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Friday, April 21, 2017

Florida Supreme Court approves ballot question on voting rights for ex-felons

Posted By on Fri, Apr 21, 2017 at 6:12 PM

The Florida Supreme Court approved language for a ballot question that could restore the voting rights of the majority of the state's 1.6 million ex-felons.

The Voting Restoration Amendment would restore the voting rights of convicted felons who've completed their sentences, including parole or probation. Felons who've been convicted of murder or sexual offenses would not be eligible for automatic restoration, but could appear before the governor and Cabinet to get their rights restored on a case-by-case basis. Currently, that clemency process can take years.



To get on the 2018 ballot, the amendment's supporters still need to gather 683,149 signatures from across the state. So far, they have 71,209 valid signatures.

A report from the Brennan Center for Justice last year says Florida's restrictive voting laws surrounding ex-felons can be traced back to Jim Crow laws. Out of the group of a million and a half people who lost the right to vote, about one-third are black, even though African Americans make up just 16 percent of the state’s population.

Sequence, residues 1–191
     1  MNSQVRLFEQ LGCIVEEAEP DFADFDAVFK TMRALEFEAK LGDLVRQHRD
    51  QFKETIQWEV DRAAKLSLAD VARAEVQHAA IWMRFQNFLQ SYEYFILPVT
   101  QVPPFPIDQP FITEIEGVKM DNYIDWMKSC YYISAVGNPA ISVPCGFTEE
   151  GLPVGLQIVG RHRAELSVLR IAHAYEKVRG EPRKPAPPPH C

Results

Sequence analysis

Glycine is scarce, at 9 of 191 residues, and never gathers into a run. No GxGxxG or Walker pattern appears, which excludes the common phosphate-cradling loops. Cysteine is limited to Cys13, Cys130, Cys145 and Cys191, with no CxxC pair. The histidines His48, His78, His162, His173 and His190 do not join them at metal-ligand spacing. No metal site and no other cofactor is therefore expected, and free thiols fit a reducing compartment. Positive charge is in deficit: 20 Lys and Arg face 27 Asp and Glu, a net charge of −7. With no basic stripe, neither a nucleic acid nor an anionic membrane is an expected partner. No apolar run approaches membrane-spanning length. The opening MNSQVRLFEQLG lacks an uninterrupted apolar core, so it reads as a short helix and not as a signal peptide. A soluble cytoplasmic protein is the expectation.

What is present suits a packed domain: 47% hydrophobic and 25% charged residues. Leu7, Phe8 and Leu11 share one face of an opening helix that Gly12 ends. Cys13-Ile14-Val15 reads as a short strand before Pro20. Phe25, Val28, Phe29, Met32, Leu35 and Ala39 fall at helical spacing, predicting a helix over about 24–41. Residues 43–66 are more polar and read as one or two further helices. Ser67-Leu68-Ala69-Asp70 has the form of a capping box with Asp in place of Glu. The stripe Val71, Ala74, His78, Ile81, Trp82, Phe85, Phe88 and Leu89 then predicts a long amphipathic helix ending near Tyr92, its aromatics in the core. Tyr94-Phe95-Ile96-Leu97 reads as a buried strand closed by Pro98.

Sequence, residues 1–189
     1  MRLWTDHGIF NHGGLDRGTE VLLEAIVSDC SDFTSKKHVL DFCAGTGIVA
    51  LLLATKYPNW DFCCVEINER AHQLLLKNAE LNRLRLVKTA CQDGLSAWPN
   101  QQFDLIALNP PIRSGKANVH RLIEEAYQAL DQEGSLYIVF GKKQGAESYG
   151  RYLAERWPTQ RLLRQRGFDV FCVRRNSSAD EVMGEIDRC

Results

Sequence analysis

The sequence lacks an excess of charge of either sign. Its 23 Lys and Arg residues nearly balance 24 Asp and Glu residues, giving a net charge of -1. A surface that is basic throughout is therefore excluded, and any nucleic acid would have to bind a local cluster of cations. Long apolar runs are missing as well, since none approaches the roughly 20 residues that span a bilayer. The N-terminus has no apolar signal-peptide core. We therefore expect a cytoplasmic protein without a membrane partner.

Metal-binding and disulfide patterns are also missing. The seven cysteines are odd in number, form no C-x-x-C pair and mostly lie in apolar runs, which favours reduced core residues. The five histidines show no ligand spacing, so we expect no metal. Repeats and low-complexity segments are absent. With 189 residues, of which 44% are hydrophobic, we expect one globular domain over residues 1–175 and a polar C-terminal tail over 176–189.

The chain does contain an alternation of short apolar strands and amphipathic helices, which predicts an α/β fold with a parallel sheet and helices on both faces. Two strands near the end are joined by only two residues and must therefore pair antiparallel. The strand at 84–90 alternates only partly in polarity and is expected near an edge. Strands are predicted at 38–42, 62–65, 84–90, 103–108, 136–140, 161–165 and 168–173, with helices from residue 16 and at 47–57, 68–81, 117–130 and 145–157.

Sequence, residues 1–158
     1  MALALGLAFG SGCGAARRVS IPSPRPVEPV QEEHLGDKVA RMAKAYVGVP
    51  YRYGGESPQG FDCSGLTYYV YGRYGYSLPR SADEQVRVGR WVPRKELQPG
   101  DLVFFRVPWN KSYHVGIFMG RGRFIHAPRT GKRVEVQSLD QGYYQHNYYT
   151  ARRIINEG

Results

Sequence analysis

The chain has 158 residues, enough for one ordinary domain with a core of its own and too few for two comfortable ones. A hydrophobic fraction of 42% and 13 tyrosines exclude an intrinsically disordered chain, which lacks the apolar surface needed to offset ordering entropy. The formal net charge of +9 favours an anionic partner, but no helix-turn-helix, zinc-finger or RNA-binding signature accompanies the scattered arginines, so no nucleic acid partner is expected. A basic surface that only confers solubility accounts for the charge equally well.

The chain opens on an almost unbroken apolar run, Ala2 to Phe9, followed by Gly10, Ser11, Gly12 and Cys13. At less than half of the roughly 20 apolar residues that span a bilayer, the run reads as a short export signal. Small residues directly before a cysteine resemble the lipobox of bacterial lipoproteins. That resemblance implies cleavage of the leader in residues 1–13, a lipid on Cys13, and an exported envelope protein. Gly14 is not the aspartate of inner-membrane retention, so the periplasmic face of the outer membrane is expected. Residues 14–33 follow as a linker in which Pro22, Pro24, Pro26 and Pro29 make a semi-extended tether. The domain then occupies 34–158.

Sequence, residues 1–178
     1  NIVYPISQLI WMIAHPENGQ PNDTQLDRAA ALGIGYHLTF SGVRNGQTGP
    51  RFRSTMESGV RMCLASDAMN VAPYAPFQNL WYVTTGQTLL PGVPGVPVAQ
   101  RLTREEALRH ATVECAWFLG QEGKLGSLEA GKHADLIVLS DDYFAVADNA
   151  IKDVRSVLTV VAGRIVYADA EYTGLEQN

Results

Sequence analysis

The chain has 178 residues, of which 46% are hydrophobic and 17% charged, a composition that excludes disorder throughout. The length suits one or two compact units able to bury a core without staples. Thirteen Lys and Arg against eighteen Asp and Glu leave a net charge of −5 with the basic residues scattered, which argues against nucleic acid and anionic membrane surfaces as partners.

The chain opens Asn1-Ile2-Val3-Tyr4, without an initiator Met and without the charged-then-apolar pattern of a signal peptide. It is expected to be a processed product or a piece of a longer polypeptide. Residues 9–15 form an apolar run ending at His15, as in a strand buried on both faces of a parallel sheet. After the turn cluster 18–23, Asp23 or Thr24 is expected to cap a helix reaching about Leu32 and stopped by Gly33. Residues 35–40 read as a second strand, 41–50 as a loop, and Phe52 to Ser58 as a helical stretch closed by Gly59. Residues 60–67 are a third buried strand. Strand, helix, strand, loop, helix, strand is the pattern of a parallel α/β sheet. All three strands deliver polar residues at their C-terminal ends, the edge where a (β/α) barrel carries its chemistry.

"Florida’s criminal disenfranchisement law is rooted in some of our country’s most discriminatory voting practices, and it continues to have its intended effects today," the study's author said in a statement. "It is time for Florida to learn from the past and then leave it behind. The right to vote should not be used as a tool for lifetime punishment."

The movement in Florida to restore ex-felons' rights through the ballot is largely led by Desmond Meade, an Orlando resident who heads the Florida Rights Restoration Coalition. The American Civil Liberties Union of Florida is also helping in the effort.

"Now the work of gathering signatures and mounting a successful campaign to change the Florida Constitution begins in earnest," says Kirk Bailey, ACLU of Florida political director, in a statement. "We look forward to Florida voters being given a chance to bring our state's voting rules out of the 19th century and into the 21st."

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